When you select a dentist, your choice should be based on the skill of the dentist and your ability to easily get to your appointments. However, once you have found a dentist you can trust that is in a good location for you, what else should you be looking for? Whether your dentist uses the latest technology during their work or whether the office accepts your insurance are also important, but here are the five patient conveniences that will let you know what level of patient care your potential-dentist really offers.  Automated Booking Services  Being able to make your appointment online and confirm with a text message is not only quicker and easier for you, but also allows the in-office staff to spend less time booking appointments and more time assisting patients that are waiting for treatment. This service means that you will be able to easily add your appointments to your electronic calendar and make or cancel an appointment at any time of the day. It also ensures that when you actually visit the dentist you will have a quick intake and staff will be available to answer any questions you might have.  24-hour Email or Phone Emergency Line  Your dentist should not send you to the hospital for after-hour emergencies, and you should not be required to have a separate emergency dentist on file for dental emergencies that happen on the weekend. If your dentist has an emergency email or phone line, you can create a treatment plan together including discussing pain management until you can see your dentist. If your dentist is not available for after-hour consultations, they should have a clear emergency dentist that they can refer you to.  Online Payment for Services  More dentists are accepting extended payment plans for expensive procedures. However, if you have monthly payments, you do not want to have to stop by the office to make them. Not only does that take time out of your busy schedule, but it also takes time away from the patients waiting for treatment. Your dentist should have a way to accept payments either through their website or through an online bank transfer.  Clear Pricing Available Before Treatment  With the rising costs of dental care, it is important for you to know how much various procedures will cost before you agree to them. Your dentist should list common procedures and a price scale for them online. However, the complexity of procedures varies from patient to patient, so your dentist should be prepared to give you a more specific quote after he or she examines you.  Additionally, your dentist should work with you to find out if your insurance is valid at their office,...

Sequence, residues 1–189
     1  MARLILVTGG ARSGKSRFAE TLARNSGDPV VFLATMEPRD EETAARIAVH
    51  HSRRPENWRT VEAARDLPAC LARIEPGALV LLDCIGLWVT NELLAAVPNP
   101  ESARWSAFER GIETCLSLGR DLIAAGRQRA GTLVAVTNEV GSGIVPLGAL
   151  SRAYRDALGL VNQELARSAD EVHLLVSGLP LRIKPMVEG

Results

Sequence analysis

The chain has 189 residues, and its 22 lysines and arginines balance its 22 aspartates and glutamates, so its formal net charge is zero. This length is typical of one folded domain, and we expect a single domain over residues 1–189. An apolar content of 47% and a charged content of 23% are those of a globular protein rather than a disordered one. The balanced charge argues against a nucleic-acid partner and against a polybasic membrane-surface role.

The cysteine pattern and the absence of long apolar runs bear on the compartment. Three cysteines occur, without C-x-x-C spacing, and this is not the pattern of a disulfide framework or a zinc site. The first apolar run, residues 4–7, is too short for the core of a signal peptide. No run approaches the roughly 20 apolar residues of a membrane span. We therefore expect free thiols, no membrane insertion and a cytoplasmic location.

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4 Concerning Health Conditions That Gum Disease May Cause

Posted by on Jan 6, 2015 in Uncategorized | 0 comments

After neglecting to visit your family dentist for a couple of years, you are shocked to discover that you have gum disease.  After hearing the diagnosis, you realize that your gums have been sore lately.  If this scenario sounds familiar, you may be at risk for health problems besides painful gums.  In some cases, gum disease may be responsible for causing the following 4 serious health conditions.     Heart Disease Gum disease, also known as periodontal disease, results from an infection of the bones and supporting tissues around your teeth.  The common symptoms of this oral disorder include: Uncontrollable bad breath A misaligned bite Loose teeth Receding gums Discharge from gums In addition to these troubling symptoms, gum disease is also believed to play a role in the development of heart disease.  People with periodontal disease have increased levels of inflammation in their mouths.  This inflammation in a person’s mouth is believed to be responsible for causing heart disease in some people. Besides heart disease, uncontrolled periodontal disease can lead to other cardiovascular issues including: Stroke Blocked arteries Endocarditis Endocarditis is inflammation of the endocardium, the interior lining of a person’s heart.  This serious health condition can result when bacteria from your gums flows through your blood and connects to compromised areas of your heart.  If your dentist feels that your odds of developing endocarditis are increased by periodontal disease, you may need to take antibiotics before undergoing any type of dental treatment. Rheumatoid Arthritis Besides life threatening heart disease, people with gum disease face increased odds of contracting rheumatoid arthritis.  This debilitating inflammatory disease is characterized by: Swollen joints Painful joints Stiff joints In a healthy person, inflammation is a defensive immune system reaction to harmful stimuli such as germs and viruses.  However, people with rheumatoid arthritis experience inflammation when no germs or viruses are present.  Medical experts feel that gum disease patients’ immune systems can be motivated to produce inflammation because of the infections in their mouths. This inflammation then settles painfully in the joints of the patients forming arthritis.  Therefore, treating the infectious gum disease in patients’ mouths might lessen the painful symptoms of rheumatoid arthritis. Chronic Obstructive Pulmonary Disease Chronic obstructive pulmonary disease, COPD, is yet another life threatening medical condition that has been linked to gum disease.  The heartbreaking symptoms of this disease include: Repeated respiratory infections Blue fingernails and lips Difficulty breathing Tightness of the chest Unexplained weight loss Sluggishness Constant need to clear the throat COPD can result when the bacteria from gum disease in the mouth travels down to a person’s lower respiratory zone.  Many people who contract this type of respiratory infection eventually die from the illness. Cancer The odds...